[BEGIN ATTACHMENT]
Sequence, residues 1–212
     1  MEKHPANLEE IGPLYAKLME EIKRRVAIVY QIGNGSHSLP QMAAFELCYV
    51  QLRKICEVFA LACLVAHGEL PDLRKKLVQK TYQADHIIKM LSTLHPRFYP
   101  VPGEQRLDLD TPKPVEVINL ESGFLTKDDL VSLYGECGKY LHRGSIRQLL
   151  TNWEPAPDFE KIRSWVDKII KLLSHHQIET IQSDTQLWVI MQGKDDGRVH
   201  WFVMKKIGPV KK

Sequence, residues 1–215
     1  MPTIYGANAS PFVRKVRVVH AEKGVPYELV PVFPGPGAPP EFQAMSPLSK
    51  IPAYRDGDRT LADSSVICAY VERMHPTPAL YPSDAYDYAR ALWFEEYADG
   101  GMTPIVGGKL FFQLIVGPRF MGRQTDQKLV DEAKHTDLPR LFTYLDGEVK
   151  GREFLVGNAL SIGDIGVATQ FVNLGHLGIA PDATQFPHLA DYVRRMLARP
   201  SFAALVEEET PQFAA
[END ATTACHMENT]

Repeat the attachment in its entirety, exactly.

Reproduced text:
Sequence, residues 1–212
     1  MEKHPANLEE IGPLYAKLME EIKRRVAIVY QIGNGSHSLP QMAAFELCYV
    51  QLRKICEVFA LACLVAHGEL PDLRKKLVQK TYQADHIIKM LSTLHPRFYP
   101  VPGEQRLDLD TPKPVEVINL ESGFLTKDDL VSLYGECGKY LHRGSIRQLL
   151  TNWEPAPDFE KIRSWVDKII KLLSHHQIET IQSDTQLWVI MQGKDDGRVH
   201  WFVMKKIGPV KK

Sequence, residues 1–215
     1  MPTIYGANAS PFVRKVRVVH AEKGVPYELV PVFPGPGAPP EFQAMSPLSK
    51  IPAYRDGDRT LADSSVICAY VERMHPTPAL YPSDAYDYAR ALWFEEYADG
   101  GMTPIVGGKL FFQLIVGPRF MGRQTDQKLV DEAKHTDLPR LFTYLDGEVK
   151  GREFLVGNAL SIGDIGVATQ FVNLGHLGIA PDATQFPHLA DYVRRMLARP
   201  SFAALVEEET PQFAA